Then there was one.
Candidates have been dropping like flies in the race for the City Council’s 24th District seat, and it appears City Councilman James Gennaro (D−Fresh Meadows) will have no challengers in his bid for re−election this year.
Out of the three candidates who said they were going to run for the seat, two have confirmed they will not run against the two−term incumbent.
Community Board 8 Vice Chairwoman Martha Taylor and Dilip Nath, a community activist from Fresh Meadows, said they pulled out of the race once they were informed Gennaro would run for a third term.
Michael Simanowitz, chief of staff for state Assemblywoman Nettie Mayersohn (D−Flushing), did not return a phone call about the matter, but Gennaro said all of the candidates “who had formed campaign committees indicated to me that they are not going to seek to challenge me.”
Nath said he decided to leave the race in order to back Gennaro.
“Democrats need to be united,” said Nath, who added he expects to run again for the seat in four years. Gennaro would not be able to run again in four years because of term limits.
Gennaro, 52, voted against the term limits extension last fall, but he said he decided to run for a third time to continue his focus on environmental and economic issues in the district, which covers the communities of Fresh Meadows, Kew Gardens Hills, Briarwood, Electchester, Hillcrest and Jamaica Estates.
“I was not supportive of the way the term limits extension went through, and I thought it was a decision that should have been left to the voters through a referendum,” Gennaro said. “I voted no against the wishes of the entire political, business and press establishments. But I decided to run again because I have a lot to offer in terms of experiences, ability and resolve.”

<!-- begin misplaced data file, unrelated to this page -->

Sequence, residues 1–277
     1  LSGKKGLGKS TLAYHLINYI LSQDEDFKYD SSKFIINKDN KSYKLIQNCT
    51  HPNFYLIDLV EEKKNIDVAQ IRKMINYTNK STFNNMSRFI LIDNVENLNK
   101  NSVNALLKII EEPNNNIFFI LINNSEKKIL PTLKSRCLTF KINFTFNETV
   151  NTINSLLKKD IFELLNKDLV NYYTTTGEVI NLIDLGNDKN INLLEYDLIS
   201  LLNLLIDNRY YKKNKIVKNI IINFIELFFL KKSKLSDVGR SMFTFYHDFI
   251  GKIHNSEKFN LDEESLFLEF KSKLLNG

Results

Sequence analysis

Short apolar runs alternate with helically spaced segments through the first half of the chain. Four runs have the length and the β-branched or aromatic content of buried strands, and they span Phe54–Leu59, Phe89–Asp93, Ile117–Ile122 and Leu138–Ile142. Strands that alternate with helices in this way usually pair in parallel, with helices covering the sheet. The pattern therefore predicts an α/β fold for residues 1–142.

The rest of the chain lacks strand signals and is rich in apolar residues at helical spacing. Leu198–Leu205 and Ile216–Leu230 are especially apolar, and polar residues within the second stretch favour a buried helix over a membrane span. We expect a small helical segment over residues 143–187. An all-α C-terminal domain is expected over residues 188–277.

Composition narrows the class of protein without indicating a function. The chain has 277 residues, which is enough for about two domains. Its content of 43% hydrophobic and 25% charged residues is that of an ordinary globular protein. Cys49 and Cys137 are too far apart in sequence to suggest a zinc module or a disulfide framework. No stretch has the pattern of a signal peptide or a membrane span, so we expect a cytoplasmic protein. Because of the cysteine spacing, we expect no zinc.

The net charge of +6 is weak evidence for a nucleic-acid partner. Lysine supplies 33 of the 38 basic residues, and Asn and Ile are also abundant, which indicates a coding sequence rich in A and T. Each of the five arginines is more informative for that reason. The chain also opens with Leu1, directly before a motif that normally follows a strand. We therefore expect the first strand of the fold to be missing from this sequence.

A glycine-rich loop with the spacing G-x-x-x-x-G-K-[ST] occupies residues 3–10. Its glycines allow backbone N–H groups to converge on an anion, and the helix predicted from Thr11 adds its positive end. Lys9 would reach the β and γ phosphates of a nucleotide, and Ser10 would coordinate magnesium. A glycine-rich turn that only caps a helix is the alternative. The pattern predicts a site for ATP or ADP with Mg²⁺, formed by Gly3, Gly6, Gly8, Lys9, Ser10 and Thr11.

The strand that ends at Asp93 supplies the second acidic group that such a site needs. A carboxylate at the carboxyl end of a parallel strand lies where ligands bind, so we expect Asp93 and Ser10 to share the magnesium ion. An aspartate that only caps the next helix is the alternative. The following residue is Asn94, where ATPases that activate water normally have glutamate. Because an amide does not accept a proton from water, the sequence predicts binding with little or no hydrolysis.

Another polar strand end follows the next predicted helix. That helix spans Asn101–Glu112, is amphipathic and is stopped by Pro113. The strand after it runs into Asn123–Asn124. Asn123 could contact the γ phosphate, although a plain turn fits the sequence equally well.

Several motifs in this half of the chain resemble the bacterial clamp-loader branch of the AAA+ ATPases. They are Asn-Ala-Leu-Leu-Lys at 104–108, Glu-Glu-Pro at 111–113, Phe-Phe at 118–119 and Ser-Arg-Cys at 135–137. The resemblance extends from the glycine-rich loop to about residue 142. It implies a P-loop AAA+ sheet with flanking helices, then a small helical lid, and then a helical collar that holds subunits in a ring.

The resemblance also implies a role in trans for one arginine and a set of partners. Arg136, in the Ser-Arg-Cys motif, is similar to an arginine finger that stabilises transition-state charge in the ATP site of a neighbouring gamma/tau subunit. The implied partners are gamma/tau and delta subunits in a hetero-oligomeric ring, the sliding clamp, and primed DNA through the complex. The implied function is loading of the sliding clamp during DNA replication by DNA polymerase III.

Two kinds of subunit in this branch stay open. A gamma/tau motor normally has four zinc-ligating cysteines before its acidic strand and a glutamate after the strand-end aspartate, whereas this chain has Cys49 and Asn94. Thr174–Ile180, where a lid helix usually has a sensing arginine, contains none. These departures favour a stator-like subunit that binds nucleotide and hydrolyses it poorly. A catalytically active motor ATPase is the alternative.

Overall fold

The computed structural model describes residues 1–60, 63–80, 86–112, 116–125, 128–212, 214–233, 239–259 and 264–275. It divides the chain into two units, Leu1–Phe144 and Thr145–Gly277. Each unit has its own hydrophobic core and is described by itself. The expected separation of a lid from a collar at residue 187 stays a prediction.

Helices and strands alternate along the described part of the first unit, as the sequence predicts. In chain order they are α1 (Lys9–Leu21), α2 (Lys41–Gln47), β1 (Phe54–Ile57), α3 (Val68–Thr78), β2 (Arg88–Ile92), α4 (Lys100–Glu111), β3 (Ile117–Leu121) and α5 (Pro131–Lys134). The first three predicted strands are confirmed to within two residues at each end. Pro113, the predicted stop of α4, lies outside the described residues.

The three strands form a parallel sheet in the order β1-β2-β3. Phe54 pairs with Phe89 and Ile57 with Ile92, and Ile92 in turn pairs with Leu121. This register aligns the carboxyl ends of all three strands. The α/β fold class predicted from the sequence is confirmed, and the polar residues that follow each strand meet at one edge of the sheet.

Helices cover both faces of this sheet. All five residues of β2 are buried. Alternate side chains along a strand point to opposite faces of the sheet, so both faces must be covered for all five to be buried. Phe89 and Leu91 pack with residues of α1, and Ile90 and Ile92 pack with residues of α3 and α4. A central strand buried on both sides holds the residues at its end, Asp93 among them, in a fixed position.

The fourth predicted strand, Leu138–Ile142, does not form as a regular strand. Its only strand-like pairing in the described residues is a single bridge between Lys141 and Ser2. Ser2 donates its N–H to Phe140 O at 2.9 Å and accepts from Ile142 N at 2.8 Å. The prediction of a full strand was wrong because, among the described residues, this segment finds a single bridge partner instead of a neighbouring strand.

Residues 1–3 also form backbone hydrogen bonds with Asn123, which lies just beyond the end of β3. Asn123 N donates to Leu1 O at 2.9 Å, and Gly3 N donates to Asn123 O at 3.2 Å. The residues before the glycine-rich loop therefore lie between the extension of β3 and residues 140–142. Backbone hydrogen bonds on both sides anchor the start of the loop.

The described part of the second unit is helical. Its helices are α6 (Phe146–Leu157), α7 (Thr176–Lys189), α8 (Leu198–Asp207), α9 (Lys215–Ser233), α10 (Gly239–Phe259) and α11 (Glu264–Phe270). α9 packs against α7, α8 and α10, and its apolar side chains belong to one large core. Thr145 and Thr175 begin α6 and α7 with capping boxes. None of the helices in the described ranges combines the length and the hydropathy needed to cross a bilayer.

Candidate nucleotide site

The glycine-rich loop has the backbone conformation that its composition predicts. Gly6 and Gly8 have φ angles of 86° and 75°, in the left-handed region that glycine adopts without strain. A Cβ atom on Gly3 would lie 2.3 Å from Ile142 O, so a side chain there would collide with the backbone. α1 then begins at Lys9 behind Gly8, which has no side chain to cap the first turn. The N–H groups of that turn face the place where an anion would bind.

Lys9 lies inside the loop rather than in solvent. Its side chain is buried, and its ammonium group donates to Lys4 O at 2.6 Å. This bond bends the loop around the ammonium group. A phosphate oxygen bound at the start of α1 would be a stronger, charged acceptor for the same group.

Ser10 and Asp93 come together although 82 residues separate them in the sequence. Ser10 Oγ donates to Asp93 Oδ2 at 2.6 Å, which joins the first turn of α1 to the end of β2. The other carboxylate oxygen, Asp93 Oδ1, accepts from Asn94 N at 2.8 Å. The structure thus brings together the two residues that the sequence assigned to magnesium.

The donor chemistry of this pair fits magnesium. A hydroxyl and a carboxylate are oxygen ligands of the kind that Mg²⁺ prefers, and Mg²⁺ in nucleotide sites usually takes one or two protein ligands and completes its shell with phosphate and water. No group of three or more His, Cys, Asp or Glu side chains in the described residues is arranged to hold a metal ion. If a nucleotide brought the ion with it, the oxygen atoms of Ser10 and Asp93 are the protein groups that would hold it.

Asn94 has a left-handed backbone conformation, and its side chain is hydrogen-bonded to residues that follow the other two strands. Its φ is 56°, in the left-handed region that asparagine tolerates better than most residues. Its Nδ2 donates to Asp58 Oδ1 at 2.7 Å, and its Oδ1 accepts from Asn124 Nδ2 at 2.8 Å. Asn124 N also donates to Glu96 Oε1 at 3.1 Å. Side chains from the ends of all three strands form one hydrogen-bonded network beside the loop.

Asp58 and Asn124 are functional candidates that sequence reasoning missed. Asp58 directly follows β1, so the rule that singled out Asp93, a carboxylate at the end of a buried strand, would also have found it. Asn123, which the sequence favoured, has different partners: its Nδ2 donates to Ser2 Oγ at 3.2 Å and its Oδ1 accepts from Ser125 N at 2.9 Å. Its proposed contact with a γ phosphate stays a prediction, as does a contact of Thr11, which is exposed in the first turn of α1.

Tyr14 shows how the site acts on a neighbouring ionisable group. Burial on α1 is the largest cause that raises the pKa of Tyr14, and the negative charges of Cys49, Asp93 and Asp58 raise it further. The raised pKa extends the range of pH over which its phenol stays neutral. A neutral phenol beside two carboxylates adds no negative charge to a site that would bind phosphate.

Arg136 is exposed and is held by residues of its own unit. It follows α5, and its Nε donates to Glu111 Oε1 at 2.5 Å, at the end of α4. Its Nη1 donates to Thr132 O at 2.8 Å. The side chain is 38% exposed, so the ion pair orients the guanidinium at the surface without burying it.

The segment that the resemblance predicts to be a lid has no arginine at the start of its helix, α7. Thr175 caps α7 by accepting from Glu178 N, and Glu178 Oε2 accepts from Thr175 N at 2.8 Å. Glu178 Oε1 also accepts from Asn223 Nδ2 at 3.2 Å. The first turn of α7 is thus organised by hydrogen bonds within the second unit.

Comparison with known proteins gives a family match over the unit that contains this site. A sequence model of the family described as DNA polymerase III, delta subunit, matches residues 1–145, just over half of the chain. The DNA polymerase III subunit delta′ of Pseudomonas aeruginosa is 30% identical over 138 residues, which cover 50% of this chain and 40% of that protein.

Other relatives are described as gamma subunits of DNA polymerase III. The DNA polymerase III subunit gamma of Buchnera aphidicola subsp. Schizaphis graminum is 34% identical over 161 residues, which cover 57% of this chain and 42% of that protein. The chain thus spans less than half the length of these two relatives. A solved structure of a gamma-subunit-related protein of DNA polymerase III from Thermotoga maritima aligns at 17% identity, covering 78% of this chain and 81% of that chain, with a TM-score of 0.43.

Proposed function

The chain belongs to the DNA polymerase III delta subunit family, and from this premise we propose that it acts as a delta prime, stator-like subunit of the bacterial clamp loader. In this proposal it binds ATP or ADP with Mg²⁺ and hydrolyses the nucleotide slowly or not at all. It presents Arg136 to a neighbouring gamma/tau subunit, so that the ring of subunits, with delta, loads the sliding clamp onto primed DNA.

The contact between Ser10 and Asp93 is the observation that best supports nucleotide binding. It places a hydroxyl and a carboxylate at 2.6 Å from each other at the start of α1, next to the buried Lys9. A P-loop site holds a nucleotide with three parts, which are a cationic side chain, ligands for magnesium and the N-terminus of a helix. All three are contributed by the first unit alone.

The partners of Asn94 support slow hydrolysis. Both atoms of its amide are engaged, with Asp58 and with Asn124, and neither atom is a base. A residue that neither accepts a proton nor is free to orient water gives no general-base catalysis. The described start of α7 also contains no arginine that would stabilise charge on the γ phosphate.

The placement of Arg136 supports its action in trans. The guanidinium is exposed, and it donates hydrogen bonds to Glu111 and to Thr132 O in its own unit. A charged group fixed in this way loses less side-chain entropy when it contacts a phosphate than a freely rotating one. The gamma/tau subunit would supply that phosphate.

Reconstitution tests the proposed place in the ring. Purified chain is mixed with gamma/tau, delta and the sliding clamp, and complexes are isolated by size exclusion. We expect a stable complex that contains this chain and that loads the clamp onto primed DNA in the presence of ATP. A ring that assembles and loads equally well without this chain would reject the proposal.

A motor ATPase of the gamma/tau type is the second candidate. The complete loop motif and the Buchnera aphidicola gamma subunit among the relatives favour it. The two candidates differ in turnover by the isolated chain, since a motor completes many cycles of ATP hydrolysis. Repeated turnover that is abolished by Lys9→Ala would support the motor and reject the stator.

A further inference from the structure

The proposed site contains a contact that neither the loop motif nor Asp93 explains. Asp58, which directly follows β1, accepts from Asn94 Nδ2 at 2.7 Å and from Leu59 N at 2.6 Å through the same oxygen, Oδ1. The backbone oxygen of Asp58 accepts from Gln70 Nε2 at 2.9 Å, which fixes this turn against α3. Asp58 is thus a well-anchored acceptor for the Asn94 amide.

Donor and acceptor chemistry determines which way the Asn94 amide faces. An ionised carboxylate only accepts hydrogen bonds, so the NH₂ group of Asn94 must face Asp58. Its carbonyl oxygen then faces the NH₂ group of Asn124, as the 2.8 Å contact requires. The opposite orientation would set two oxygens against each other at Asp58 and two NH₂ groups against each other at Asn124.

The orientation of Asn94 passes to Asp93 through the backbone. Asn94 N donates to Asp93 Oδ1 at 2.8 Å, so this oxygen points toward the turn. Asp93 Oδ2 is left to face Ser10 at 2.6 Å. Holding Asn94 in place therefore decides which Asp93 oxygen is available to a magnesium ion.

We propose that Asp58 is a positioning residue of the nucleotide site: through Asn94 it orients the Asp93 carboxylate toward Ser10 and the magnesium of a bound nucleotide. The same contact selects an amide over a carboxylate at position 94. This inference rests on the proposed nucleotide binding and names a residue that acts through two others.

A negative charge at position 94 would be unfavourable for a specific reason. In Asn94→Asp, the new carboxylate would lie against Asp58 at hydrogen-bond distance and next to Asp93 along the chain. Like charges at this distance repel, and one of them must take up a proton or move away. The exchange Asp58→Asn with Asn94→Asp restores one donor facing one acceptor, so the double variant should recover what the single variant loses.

Gennaro lost a contentious race against state Sen. Frank Padavan (R−Bellerose) to represent the 11th Senate District in February. Padavan was declared the victor after a drawn−out court battle. He ultimately beat Gennaro by 480 votes.
Gennaro, chairman of the Environmental Protection Committee, said he has been successful in pushing through legislation to protect the environment. He pointed to several bills he helped to author in May dealing with brownfields, wetlands and green buildings.
The brownfields legislation, passed by the Council, will develop a comprehensive program for the remediation and reuse of brownfields — abandoned or underused industrial and commercial sites — throughout the five boroughs.
The wetlands bill, also passed by the Council, requires the city to identify all remaining wetlands and develop a conservation strategy for them.
The green buildings legislation, again approved by the Council, requires owners of existing buildings over 50,000 square feet to make energy efficiency improvements to their buildings once every 10 years.
“If you look at my environmental agenda, it’s also an economic agenda,” Gennaro said. “It’s about green jobs. It’s the way we’re going to pull ourselves out of this economic downturn, by revitalizing the economy and growing green jobs. The brownfields remediation, that’s jobs. The green buildings legislation, that’s Local 3 electricians putting in lighting all over New York City.”
Gennaro said he has worked hard to restore Jamaica Bay, put more clean−air vehicles on city streets, and fight drilling in the upstate watershed that provides the drinking water for city residents.
“My career objective starting from the age of 18 was to make environmental policy in government,” Gennaro said.
Reach reporter Anna Gustafson by e−mail at firstname.lastname@example.org or by phone at 718−229−0300, Ext. 174.
©2009 Community News Group
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